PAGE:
“Gilligan” may have been stranded, but it looks like he’s now on his way home.
That’s the name that the multi-jurisdictional team gave to the sea lion that was discovered on Sunday along the busy freeway intersection of I-5 and I-205 just south of Lathrop – an animal that experts believe made its way onto dry land from the San Joaquin River.
Through a joint effort between the San Joaquin County Sheriff’s Office Animal Control Unit, the California Highway Patrol, and the Sausalito-based Marine Mammal Center, the adolescent male sea lion was able to be safely secured and placed in a crate where he was transported to the Bay Area for observation and potential release back into its natural habitat.
While it is unknown how the animal got to where it was discovered, a number of stories of wildlife reclaiming land and territory from across the county and the world have been grabbing plenty of attention.
Reports of sea lions near populated areas began popping up last week in Stockton near Spanos Park where somebody claimed to have observed a sea lion in a slough near Spanos Park West. White Slough, which runs behind the massive housing development, connects to the San Joaquin River and ultimately flows out to the San Francisco Bay.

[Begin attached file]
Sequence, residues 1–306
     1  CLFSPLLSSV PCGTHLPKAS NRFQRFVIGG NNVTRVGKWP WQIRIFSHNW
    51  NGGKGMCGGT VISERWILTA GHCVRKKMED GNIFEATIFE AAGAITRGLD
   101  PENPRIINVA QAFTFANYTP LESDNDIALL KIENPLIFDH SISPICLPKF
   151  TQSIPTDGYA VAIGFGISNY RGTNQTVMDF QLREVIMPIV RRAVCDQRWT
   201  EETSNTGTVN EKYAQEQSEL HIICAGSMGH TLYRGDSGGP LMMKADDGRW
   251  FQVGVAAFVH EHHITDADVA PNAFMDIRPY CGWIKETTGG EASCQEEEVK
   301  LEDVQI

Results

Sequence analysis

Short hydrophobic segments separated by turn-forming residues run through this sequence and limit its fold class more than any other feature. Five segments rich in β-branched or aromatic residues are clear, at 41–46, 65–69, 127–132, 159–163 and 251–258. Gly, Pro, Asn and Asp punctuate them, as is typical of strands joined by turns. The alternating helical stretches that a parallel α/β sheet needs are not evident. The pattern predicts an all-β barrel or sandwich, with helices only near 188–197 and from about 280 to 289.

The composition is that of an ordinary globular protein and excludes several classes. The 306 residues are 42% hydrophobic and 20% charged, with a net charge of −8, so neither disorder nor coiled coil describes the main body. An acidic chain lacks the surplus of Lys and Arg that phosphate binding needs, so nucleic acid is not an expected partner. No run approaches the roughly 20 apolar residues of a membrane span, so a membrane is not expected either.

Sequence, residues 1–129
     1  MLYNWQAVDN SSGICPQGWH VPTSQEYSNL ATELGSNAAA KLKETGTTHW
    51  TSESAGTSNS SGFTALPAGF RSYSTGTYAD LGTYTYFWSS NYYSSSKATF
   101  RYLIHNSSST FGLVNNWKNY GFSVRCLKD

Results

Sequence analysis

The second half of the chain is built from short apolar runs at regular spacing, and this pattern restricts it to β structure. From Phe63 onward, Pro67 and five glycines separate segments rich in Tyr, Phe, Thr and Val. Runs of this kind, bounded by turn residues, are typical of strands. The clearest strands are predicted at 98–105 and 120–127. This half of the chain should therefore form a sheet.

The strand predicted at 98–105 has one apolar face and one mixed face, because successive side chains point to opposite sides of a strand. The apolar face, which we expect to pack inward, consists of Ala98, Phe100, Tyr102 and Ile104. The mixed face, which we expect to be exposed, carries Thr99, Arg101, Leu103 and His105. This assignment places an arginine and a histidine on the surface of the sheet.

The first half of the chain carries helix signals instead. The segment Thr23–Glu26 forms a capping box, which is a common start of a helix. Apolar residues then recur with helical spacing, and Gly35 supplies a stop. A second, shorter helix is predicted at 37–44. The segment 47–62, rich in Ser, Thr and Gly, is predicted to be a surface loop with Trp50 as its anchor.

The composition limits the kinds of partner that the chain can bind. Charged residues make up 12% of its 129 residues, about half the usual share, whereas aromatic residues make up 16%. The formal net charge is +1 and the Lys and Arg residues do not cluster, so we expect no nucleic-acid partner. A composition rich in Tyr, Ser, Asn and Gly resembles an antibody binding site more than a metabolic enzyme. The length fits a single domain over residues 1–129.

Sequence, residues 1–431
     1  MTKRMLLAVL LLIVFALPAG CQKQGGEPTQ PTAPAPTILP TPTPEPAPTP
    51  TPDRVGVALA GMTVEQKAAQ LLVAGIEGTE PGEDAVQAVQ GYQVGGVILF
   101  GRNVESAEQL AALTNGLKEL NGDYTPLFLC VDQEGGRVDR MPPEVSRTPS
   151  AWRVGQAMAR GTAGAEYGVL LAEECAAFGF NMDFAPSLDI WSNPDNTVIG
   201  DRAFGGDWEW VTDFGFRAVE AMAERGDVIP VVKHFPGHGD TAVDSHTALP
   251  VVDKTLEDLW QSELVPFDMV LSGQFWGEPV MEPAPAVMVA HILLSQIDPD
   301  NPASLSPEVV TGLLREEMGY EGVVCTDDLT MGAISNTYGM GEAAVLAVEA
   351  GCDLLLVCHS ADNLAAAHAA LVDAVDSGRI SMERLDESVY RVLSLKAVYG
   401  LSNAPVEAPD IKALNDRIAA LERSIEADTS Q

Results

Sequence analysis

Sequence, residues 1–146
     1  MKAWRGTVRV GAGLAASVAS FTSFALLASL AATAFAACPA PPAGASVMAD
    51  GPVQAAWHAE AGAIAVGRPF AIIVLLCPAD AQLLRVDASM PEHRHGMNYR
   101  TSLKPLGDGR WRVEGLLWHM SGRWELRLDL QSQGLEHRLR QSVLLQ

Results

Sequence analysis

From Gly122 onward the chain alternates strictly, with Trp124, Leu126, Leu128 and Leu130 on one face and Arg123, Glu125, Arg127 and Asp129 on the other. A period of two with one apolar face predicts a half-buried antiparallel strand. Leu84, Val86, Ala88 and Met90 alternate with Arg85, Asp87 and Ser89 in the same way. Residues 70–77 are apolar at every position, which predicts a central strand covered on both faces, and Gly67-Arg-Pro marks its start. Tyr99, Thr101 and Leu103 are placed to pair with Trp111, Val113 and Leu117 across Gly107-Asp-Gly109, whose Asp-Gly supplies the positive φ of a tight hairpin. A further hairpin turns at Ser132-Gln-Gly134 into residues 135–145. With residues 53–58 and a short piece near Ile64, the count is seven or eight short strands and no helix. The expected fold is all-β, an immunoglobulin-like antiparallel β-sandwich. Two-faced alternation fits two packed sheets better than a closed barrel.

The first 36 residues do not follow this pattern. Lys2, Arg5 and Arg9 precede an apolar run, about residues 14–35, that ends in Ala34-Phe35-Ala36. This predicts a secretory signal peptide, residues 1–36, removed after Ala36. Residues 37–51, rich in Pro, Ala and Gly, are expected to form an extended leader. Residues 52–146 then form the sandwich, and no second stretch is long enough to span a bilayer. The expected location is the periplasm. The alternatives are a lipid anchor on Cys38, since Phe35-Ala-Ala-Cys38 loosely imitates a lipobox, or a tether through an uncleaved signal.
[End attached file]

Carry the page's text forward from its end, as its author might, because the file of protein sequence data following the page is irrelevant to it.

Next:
According to the Marine Mammal Center, the large water-based mammals are not all that uncommon in the months of May and June when they leave the safe confines of the San Francisco Bay and begin working up the rivers that feed it in search of food. Sea Lions are also spotted in the Sacramento and American Rivers around this time of year when the creatures make their way north after splitting off from the many fingers of the Delta.
According to experts, the implementation of the Marine Mammal Protection Act in the 1970’s has helped lead to an explosion of the animals in the subsequent decades,. Discoveries inland are typically a sign of a healthy population of the popular animals – which draw millions of people every year to see them at San Francisco’s Pier 39, and have even spawned a 24-hour camera to allow interested parties from around the world to watch the animals from the comfort of their own home.
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